51 Things You’ll Regret Not Taking Overseas With You When You Emigrate

Moving to a brand new country you’ve never lived in before can be tough.From finding a new job to setting up and furnishing a new home, it’s difficult to know what you won’t be able to live without when you get to the UK, or what you’ll wish you brought over.While everybody is different, sometimes it’s helpful to hear what other people would have done hindsight – before you make the move yourself.

Here’s a list of what to pack in your container or cube – in no particular order – from members of the popular Facebook group with nearly 35,000 adherents, South Africans Immigrating to the UK and Ireland.

  1. Weber (braai)
  2. Potjie pot
  3. Biltong maker
  4. Pyrex dishes
  5. Tupperware
  6. Biltong
  7. Niknaks
  8. Prescription medicines
  9. Over-the-counter medicines
  10. Vitamins and supplements
  11. Your favourite spices
  12. The kids’ 2-wheel scooters
  13. Skottel
  14. Kettle
  15. Toaster
  16. Small kitchen appliances
  17. Photo albums
  18. The good pots and pans
  19. Good crockery
  20. Fabric (for those who like to sew)
  21. Dressmaking material
  22. Sewing machine
  23. Overlocker
  24. Sentimental items
  25. House decor
  26. Table cloths
  27. Seasonal decorations
  28. Craft supplies
  29. SA cookbooks
  30. Mattress
  31. Bed linen
  32. Rusks
  33. Electric frying pan
  34. Piano
  35. Pets
  36. Paintings
  37. Green Tabasco
  38. Citro soda
  39. Some garden tools
  40. Good towels
  41. Grandpa headache powder
  42. ENO
  43. Spur sauces
  44. Bed
  45. Microwave
  46. Salad platters
  47. Casserole dishes
  48. Kenwood food processor
  49. Corenza C
  50. Myprodol
  51. Crosse & Blackwell Tangy Mayonnaise

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Some group members pointed out that most of these things are available for purchase in the UK, however, according to other group members these particular items are more expensive overseas than in South Africa.

Make sure you have zero regrets and take your home essentials with you to the UK.

“If you will be earning pounds straight away you could replace them once you arrive, but you probably won’t get much for them in SA.If you are going to replace them using rands, it will be expensive.So, if you have space in a container then I’d say bring them along.It’s easy to change the plug.The exception is things you will need before your container arrives like your kettle and toaster,” said one member of South Africans Immigrating to the UK and Ireland, Darlene.

Another member, David, advised, “Weigh up the cost of shipping versus buying new.Look at ao.com and currys.co.uk to give you an idea of the replacement cost.Also keep in mind not all items arrive ‘in one piece’.”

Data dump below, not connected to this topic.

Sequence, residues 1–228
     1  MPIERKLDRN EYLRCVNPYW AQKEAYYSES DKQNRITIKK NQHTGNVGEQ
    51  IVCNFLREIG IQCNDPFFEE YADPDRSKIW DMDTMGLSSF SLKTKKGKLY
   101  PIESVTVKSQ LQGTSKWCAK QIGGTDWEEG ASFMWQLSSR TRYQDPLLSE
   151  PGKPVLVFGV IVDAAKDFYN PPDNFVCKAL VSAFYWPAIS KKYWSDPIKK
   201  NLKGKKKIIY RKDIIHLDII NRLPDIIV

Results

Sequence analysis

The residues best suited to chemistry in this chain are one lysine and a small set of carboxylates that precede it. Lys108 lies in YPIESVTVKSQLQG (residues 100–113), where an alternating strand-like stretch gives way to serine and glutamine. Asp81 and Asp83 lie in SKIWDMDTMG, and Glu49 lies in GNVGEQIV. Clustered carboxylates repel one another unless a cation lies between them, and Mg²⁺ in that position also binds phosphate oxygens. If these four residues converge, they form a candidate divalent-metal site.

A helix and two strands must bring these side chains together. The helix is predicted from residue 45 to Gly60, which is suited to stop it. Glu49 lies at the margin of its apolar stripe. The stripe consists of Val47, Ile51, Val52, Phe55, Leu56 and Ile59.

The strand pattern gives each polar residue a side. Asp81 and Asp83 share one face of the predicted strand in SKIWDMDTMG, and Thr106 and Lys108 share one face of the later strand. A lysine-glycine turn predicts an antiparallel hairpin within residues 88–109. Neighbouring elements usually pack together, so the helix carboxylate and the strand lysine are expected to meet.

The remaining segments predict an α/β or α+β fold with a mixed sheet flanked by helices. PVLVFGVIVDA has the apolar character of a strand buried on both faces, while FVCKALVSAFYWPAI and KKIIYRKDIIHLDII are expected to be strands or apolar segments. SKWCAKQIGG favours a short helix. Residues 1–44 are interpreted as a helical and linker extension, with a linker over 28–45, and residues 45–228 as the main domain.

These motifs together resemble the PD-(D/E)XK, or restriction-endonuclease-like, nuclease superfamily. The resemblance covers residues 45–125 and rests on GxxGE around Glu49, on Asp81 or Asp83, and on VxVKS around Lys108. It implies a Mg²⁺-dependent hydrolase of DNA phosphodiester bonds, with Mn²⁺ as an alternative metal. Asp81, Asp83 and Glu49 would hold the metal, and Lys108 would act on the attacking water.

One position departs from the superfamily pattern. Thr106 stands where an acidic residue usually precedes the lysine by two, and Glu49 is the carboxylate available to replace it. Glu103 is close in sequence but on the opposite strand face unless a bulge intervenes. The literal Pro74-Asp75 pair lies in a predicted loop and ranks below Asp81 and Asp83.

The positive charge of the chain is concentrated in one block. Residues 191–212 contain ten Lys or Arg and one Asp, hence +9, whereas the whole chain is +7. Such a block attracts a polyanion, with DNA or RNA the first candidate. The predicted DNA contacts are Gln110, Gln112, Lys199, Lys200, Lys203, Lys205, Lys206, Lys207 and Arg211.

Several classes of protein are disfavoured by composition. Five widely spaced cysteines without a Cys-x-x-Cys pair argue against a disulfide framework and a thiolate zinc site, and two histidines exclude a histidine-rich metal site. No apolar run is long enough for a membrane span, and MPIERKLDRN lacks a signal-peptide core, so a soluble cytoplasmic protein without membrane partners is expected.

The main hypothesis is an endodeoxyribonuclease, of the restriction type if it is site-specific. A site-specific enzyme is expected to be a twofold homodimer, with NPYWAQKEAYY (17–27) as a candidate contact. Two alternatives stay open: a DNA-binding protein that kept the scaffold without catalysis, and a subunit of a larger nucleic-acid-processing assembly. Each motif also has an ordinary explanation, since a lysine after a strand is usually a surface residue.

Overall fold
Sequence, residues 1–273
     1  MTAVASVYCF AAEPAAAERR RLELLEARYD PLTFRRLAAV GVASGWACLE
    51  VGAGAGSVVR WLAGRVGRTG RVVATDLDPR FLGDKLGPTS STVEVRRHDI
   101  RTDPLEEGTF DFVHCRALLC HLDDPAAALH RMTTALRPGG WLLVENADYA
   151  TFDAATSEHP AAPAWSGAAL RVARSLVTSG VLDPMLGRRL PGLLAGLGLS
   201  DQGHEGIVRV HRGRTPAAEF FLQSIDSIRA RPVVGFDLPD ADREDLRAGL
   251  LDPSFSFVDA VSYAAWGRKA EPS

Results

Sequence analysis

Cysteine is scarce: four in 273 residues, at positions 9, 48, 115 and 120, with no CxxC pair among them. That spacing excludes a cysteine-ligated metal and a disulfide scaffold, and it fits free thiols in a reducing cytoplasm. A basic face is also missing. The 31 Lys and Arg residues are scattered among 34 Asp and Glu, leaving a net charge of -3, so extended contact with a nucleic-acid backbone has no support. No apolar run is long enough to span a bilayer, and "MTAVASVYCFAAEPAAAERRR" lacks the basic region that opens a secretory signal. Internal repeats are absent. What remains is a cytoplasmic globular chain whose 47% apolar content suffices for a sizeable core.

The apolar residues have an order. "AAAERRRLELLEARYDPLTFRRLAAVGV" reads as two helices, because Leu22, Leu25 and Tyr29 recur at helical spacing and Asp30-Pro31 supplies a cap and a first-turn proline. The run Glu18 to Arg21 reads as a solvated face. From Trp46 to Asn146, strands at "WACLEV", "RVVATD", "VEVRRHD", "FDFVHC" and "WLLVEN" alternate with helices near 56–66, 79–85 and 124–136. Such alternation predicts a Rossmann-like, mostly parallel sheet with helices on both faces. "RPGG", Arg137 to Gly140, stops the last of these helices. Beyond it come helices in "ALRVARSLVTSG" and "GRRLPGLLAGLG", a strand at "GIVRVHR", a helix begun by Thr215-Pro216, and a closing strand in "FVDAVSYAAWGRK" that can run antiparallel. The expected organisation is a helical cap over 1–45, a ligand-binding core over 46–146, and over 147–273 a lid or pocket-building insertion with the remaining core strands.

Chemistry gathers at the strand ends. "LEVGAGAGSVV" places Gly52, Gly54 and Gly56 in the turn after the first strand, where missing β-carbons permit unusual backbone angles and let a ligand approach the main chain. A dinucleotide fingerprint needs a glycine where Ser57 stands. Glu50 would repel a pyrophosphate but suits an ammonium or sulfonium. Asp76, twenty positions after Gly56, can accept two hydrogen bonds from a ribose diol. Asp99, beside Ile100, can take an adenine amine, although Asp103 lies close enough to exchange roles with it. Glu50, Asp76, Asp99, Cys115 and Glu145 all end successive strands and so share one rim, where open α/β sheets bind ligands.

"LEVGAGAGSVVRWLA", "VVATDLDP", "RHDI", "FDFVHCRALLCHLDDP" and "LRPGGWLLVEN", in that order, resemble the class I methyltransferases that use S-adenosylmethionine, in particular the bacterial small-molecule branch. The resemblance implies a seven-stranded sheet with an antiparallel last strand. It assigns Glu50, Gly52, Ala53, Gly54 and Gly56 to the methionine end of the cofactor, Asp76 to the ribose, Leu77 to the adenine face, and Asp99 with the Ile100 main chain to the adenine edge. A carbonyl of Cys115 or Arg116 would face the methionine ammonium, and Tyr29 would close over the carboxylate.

One thing South Africans may not realise is that the size of the average UK kitchen is often smaller than South African kitchens, which means you won’t necessarily enjoy the same cupboard space you were used to back in SA.

“I would bring the items you use all the time.There are some items that are nice to have, but not essential.I’ve had to give loads away as I don’t have space for it in the kitchen,” Marlene commented.

Other, less sentimental group members shared how happy they were that they only brought their clothes.

“We sold up everything in SA and have no regrets.We kept photo albums and a very few sentimental items, but the rest was – in truth – just ‘stuff’,” said Rob.

“I have decided to sell, donate, give away everything. I’m only taking clothes, some very special sentimental things that I just can’t part with, putting them in boxes and going to send on the high seas. I am sure the cost of sending a whole lot of stuff could be replaced at a similar price. For me it is a purging, a new fresh start in life,” added Lorraine.

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When it comes to over-the-counter medicines, some countries have lower legal doses of certain chemicals found in, for example, cough syrup, unfortunately making it less effective than some of the medicines available locally.

“South Africans often advise one another to take over their preferred cold and flu medicines, pain killers, as well as any prescription medications they are on while they arrange their family’s access to the National Health Services (NHS) in the UK,” said Move Up’s managing director, Ryan Rennison.

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